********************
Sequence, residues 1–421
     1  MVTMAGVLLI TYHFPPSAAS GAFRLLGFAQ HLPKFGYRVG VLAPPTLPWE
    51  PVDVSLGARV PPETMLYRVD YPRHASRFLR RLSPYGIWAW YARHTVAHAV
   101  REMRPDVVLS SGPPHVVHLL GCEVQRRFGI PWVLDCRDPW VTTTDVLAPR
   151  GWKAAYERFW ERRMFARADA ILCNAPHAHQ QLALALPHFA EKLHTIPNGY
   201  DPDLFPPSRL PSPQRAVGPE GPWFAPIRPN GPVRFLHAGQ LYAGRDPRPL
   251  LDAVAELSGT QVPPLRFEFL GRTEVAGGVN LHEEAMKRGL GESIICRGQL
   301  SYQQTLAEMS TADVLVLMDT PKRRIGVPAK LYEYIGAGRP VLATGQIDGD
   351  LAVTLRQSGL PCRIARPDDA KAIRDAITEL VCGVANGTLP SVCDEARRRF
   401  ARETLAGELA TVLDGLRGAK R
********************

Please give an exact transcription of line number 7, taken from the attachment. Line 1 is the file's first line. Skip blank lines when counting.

   251  LDAVAELSGT QVPPLRFEFL GRTEVAGGVN LHEEAMKRGL GESIICRGQL